The Wonders of Modern Recycling

We’re going in the right direction

Posted on: 12/05/2015   By: Lee Rance

I was hopping through the channels the other day and quite by accident a came across a programme called ‘Wastemen’ on BBC2. It was a behind the scenes look at what happens to our waste from wheelie bin right through to recycled product or landfill.

The part of the program that I found fascinating was the technology used, not just in the recycling plants but also in the domestic waste plants.

Food_and_drink_cans_in_recycling_bin-cropped - Copy

Ever since Landfill Tax was introduced in 1996, Councils have been trying to encourage people to recycle more so as not to incur excessive costs when sending waste to landfill. The current rate for Landfill Tax is £82.60/tonne. As you can imagine this can get very expensive for Councils with the UK producing roughly 26 million tonnes of domestic waste a year. The UK currently recycles 43.9% of its domestic waste with the EU target of 50% by 2020.

The BBC2 programme was based in Newcastle where the residents are supplied with two wheelie bins per household, one for recyclable waste and one for non-recyclable waste. As expected the recyclable products go to a sorting plant where they are sorted into glass, paper, plastic bottles, tin cans, cardboard and textiles. The first part of the process is done manually with workers picking items from a conveyor belt. They will be split into groups and each group is tasked with picking a certain material from the conveyor belt and dropping it into a chute where it collects below. Ferrous cans are automatically collected using magnets. Non-ferrous cans are collected using an ‘Eddy Current Separator’. Whatever is left is collected and sent to landfill.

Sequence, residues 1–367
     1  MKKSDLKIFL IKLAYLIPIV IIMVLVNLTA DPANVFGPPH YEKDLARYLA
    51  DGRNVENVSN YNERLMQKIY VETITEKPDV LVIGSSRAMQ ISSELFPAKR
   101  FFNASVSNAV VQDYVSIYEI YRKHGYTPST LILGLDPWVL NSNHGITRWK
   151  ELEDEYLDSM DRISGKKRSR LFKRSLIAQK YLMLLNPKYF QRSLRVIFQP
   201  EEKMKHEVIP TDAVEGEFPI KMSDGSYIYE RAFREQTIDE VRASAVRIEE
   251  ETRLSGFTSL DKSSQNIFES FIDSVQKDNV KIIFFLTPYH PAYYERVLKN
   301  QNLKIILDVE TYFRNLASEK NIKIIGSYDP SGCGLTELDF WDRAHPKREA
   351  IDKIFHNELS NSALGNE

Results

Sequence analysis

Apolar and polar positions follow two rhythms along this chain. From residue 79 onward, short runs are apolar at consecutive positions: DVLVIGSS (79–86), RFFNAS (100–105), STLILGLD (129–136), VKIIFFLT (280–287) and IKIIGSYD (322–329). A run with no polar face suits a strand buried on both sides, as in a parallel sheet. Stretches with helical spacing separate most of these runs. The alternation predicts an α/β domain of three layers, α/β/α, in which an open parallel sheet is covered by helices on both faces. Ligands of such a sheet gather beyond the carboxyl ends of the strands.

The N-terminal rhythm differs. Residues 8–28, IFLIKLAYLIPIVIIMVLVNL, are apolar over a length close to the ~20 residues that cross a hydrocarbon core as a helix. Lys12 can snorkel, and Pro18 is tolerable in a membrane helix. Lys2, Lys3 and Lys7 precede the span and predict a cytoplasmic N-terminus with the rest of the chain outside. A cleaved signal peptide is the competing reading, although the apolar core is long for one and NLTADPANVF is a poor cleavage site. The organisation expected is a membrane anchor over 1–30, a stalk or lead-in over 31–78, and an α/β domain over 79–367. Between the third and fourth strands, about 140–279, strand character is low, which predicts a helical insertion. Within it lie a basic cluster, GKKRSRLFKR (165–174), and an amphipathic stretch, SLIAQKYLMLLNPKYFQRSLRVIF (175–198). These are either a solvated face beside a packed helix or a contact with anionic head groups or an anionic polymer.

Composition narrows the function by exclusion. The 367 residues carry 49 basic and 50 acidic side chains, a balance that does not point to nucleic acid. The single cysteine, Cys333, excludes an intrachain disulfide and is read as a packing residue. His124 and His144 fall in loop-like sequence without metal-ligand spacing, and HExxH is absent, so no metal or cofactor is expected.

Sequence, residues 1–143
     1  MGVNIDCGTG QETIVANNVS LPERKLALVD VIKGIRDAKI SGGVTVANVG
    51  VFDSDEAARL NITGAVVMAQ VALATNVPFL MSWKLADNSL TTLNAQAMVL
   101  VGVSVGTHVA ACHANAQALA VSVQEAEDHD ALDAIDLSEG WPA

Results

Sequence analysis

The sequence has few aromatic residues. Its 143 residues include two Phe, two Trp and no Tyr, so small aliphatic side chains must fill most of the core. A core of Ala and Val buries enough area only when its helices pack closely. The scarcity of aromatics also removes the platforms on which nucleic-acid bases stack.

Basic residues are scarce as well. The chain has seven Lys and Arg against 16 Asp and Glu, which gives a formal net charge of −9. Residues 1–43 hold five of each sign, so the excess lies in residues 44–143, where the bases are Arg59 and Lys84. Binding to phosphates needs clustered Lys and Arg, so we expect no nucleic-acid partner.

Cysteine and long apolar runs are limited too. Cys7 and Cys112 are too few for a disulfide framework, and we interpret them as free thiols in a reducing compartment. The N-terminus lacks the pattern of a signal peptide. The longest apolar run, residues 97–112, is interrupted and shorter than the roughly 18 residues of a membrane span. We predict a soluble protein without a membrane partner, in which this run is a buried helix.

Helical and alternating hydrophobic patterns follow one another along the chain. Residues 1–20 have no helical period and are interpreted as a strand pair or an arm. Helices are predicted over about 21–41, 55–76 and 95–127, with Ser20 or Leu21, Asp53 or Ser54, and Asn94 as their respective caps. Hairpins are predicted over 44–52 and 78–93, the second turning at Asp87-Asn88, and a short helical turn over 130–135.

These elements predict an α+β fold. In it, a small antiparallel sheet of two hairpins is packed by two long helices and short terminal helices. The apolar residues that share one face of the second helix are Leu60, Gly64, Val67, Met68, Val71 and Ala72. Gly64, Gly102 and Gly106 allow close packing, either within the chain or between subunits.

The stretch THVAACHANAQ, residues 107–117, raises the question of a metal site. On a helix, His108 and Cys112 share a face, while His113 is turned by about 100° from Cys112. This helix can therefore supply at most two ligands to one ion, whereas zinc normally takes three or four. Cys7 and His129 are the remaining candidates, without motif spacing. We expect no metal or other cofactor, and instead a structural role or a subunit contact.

The ‘non-recyclable’ waste is sent to the Byker waste processing plant on the outskirts of the city. This plant aims to recycle as much as possible from the waste it receives. In an enormous operation using giant sieves, moving belts and huge magnets, the rubbish is sorted and a use is found for 80% of all the waste it receives. Food waste is turned into compost, metals are removed and most of what’s left is wrapped in bails and turned into refuse derived fuel (RDF), which can be used to generate electricity in power stations. The RDF from Byker is shipped across the North Sea to Sweden. It is very time sensitive operation, the longer the waste sits in the plant the more of a health hazard it becomes so the waste needs to be sorted and back out within 48hrs. So any machinery breakdowns can be costly and waste may need to be sent to landfill at great cost.

In our house we try and recycle as much as possible and also teach our children the importance of recycling but it’s good to know that the Councils and Government are also taking it seriously and a lot of the stuff we throw away isn’t just being dumped in a big hole in the ground but is being sorted and re-used more and more.

If you need any advice on environmental or health and safety issues, give us a call on 01908 632418 or send us an email.

Until next time.

Lee Rance